TECH.insight

Automated mobile app functional testing with Appium

Monday 16 March 2015

How do we ensure we deliver quality apps to the consumer?

With the use of mobile devices on the rise, there are mobile apps for almost everything. As developers, how do we ensure we deliver quality apps to the consumer? By extensive testing, of course. However, in this world of ever-changing buzzwords – agile, scrum, Continuous Integration, and Continuous Delivery – how does testing keep up with development?

Automated testing has long been the solution for high-volume and rapid-paced testing. But not until recent years was it possible to easily automate the testing of mobile apps on actual devices using open source, cost-effective means.

Appium is one such testing tool. In the last few years, it has quickly grown in popularity and stability as an open source, cross-platform test automation framework for native, hybrid and mobile web apps on iOS and Android. Appium uses the WebDriver JSON protocol to standardise the automation API across the two platforms and three app types.

In this article we will configure our computer and mobile devices for automation, configure Appium, and automate a basic smoke test.

Prepare the computer

To automate testing of a mobile device, you will need a computer capable of building and debugging iOS and Android devices. Since iOS development is only supported on Mac OS X, this article will assume a Mac is being used. You will need the following tools:

Prepare the device

On iOS, enable Web Inspector by navigating to Settings > Safari > Advanced and switching on the Web Inspector feature.

On Android, enable USB debugging by navigating to Settings > Developer options and selecting USB debugging. If the Developer options menu option is hidden, go to Settings > About phone and tap Build number seven times to reveal the option.

Prepare your app

Unlike other mobile automation frameworks, Appium does not require you to root your device or add any libraries or frameworks to your app source code.

On iOS, code sign and provision the app to run on a device using a development certificate – a standard requirement for developing iOS apps. The app should be stored in .app or .ipa format.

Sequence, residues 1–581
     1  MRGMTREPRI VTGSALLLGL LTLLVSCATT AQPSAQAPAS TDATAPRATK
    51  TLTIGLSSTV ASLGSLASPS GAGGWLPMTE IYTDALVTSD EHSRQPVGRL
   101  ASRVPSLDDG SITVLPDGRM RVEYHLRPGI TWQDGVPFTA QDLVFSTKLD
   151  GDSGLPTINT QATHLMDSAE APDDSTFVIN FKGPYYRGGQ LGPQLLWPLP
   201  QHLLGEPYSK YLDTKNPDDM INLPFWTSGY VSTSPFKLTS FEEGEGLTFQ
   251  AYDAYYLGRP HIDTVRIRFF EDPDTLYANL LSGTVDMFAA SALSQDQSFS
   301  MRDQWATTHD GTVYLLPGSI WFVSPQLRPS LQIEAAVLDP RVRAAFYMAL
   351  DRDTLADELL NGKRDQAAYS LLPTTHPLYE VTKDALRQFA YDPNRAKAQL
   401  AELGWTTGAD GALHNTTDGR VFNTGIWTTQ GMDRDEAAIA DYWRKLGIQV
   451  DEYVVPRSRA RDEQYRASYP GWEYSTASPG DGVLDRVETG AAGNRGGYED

On Android, the app will need to be compiled and packaged into an .apk format.

For the purposes of this article, I’m going to assume we want to test the WordPress mobile apps, available across both iOS and Android. Prepare the WordPress Android app by building the debug version. Prepare the iOS app by archiving and exporting your app as an .ipa provisioned for a device.

Using Appium

Appium comes in two forms: a Node.js app that can be run from the command line, and a desktop app for OS X and Windows. The first is far more advanced, so let’s focus on the second.

Download, install and run the app from appium.io.

Across the top-left of the Appium window are buttons for settings. From left to right they are: Android settings, iOS settings, General settings, Developer settings and Robot settings. Yes, there is a real robot. Across the top-right are Inspector, Doctor and Launch buttons.

The Appium Window
The Appium window

Quick start

The Appium app can run in only one mode at a time: either Android or iOS, selected using the radio buttons below the respective settings button. Let’s take a look at each one individually.

Android mode

The Android settings look like the image below. Replace the app details and device name with your own Android device id.

Android settings
Android settings

iOS mode

The iOS settings look like the image below. Replace the app info and device UDID with your own.

iOS settings
iOS settings

Finding elements with the Inspector

Click Launch, then click the magnifying glass to start the Inspector. If all goes well, you should see the screen as shown below. Click on any element to see its details and to retrieve values you can use to locate the element in your test.

Appium inspector
Appium inspector